Ask me whom I think the best-looking female celebrity of 1985 was, and I will quickly answer “Annie Lennox.” I had a crush on Annie at the time, and can’t say my adoration has faded much since then.
Interesting thing about Ms. Lennox: she didn’t spend time trying to look hot. She, instead, had a penchant for the avant-garde style-wise, and mostly allowed her fabulous voice to be her calling card.
Like my Eighties pop stars, I seem to be drawn to vehicles that are genuinely good performers, and only incidentally attractive. I say “seem to” as I can’t fully account for the dynamic goodness of every vehicle on this list.
It’s hard to beat this car’s almost-perfect proportions. The hood and rear deck; tidy overhangs; and clean, uncluttered greenhouse work together to create a vehicle with an amazing visual sense of purpose. Few BMWs before or since have looked any better than this generation 5-Series.
In defiance of almost everything we know about automotive design, Jaguar managed to combine chromey baroque excess with taut, athletic lines to create a look that still defines the brand. No car this heavily laden with fine design details should look so good—or so sporty—but the XJ does.
Not unlike the BMW 5-Series, this largest sedan in the 1985 Mercedes-Benz lineup enjoys proportions that give the car an undeniable look of power and purpose. Without looking huge, the S-Class appears large, imposing, and stately, yet still more than a little sporty. For me, this generation S-Class is an all-time favorite.
All of the General Motors A-body cars of this era shared a basic clean, efficient silhouette with neatly creased edges. Only Pontiac, however, was able to convert this commodity design into something a little sportier–or, in the case of the 6000 STE, a lot sportier.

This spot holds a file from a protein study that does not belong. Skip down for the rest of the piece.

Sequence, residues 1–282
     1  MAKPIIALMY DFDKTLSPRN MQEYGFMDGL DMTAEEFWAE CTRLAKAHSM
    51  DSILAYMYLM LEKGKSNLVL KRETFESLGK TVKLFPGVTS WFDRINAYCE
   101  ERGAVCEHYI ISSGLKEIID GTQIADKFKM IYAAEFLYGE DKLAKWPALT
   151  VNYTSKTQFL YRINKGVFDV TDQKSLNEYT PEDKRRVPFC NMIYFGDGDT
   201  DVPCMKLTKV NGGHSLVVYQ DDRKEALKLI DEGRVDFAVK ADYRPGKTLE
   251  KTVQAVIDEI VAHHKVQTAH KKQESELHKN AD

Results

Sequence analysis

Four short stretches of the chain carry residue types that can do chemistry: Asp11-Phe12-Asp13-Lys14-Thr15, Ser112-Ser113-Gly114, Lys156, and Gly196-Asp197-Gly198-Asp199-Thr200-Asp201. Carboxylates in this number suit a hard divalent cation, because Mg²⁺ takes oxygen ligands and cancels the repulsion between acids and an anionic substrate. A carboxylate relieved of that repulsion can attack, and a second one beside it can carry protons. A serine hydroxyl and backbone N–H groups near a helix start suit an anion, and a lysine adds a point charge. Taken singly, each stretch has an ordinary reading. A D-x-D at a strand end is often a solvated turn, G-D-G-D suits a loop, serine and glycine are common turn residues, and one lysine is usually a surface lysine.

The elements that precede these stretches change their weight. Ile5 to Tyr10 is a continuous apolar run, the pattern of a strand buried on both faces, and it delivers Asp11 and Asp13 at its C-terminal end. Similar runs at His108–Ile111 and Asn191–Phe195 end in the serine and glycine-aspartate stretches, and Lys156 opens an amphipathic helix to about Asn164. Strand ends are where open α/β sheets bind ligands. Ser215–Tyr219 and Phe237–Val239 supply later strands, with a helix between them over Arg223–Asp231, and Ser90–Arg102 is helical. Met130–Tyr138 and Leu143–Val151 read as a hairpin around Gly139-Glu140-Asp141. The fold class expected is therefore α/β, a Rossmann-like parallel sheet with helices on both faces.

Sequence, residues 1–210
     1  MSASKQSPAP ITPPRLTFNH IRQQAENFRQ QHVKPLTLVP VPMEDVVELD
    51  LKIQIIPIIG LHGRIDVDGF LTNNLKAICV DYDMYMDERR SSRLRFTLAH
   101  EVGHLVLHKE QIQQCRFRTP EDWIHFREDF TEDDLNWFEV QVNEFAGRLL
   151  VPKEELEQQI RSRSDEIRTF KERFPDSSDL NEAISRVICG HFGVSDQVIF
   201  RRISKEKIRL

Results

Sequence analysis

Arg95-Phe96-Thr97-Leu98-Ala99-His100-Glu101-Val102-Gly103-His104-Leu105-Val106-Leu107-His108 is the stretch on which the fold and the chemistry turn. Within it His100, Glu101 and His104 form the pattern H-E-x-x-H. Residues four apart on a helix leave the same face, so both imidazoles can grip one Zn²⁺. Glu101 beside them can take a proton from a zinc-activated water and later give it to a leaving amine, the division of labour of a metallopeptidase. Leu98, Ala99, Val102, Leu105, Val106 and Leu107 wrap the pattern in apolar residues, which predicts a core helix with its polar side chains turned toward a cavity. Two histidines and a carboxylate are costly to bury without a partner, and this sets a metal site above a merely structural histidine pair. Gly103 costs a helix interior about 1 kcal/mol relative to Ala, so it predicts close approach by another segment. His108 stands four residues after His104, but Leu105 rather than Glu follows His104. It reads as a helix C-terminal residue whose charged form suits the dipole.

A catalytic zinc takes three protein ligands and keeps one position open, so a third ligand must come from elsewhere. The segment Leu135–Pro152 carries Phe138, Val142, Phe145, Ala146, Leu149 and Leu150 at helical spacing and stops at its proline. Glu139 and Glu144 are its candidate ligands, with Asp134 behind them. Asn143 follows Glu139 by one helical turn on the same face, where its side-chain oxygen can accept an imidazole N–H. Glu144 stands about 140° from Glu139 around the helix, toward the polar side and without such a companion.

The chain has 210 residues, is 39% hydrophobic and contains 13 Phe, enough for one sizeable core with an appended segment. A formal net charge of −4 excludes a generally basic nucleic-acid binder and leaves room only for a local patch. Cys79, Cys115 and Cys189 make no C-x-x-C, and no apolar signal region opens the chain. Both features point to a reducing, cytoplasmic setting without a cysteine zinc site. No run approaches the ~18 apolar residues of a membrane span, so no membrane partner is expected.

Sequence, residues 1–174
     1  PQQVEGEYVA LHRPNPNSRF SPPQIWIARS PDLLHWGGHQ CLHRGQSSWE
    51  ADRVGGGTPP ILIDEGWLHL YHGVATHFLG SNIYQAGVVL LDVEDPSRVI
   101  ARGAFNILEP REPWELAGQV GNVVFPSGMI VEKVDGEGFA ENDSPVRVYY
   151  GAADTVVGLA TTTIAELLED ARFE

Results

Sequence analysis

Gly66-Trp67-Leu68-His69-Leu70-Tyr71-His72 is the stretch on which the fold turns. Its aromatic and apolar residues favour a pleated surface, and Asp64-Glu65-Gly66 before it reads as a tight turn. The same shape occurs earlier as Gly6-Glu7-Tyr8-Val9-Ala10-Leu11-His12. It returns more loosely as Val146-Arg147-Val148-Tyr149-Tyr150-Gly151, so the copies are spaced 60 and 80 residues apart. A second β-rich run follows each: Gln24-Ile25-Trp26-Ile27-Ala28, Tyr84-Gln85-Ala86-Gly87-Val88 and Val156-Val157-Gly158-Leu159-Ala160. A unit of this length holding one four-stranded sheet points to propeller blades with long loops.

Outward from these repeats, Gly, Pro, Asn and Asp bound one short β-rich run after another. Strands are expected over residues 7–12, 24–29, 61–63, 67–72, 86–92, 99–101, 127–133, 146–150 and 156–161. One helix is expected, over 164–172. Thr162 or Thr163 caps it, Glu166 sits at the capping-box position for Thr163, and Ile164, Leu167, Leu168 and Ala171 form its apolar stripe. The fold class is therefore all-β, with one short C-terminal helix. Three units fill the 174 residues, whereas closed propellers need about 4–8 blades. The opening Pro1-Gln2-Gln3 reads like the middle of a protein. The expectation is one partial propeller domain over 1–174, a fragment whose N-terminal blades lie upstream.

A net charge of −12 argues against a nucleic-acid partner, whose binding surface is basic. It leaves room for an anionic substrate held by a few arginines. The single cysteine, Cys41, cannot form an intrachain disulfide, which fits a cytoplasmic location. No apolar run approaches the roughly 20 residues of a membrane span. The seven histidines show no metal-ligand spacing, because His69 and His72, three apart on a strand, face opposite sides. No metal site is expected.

Working in the STE’s favor was a simple, chiseled-looking front end, blacked-out greenhouse trim, European-style taillights, and well-chosen alloy wheels. I confess to finding 6000 wagons of the era pretty cool looking, too.
There isn’t a single design element of the Saab 900 that was contemporaneously appropriate. The upright windshield was a holdover from the Sixties, the 5-mpg bumpers are defiantly un-integrated into the car’s design, and the slope of the rear pillars was decidedly hatchbacklike. Yet, despite the incongruity of it all, the 900 sedan was a handsome piece, and was decidedly sporty and 100-percent Saab. Later versions of this iconic Swede would fail to capture to the wonderful quirkiness that built the brand so many hard-core loyalists.
I’ve written about my love of the Volvo 240 before. Volvo’s sanded-edged-shoebox look has worn well, and I still find its blend of unapologetic functionality utterly charming. Likewise, the Chrysler M-Body cars of the day exuded a workman-like honestly that’s undeniable. I am not entirely sure the Dodge Diplomat and Plymouth Gran Fury qualify as “pretty” in any context, but they do possess a simple, stately honesty that I find utterly appealing. Note that the similar Chrysler Fifth Avenue fell short for me, as the extra chrome and vinyl roof just mucked up the car’s otherwise clean lines.
Finally, I’ve always found the slightly extraterrestrial design of the Peugeot 505 rather appealing. By 1985, most of the 505’s body contours were gone, but the furrowed-brow look of the grille and headlights was thankfully still intact.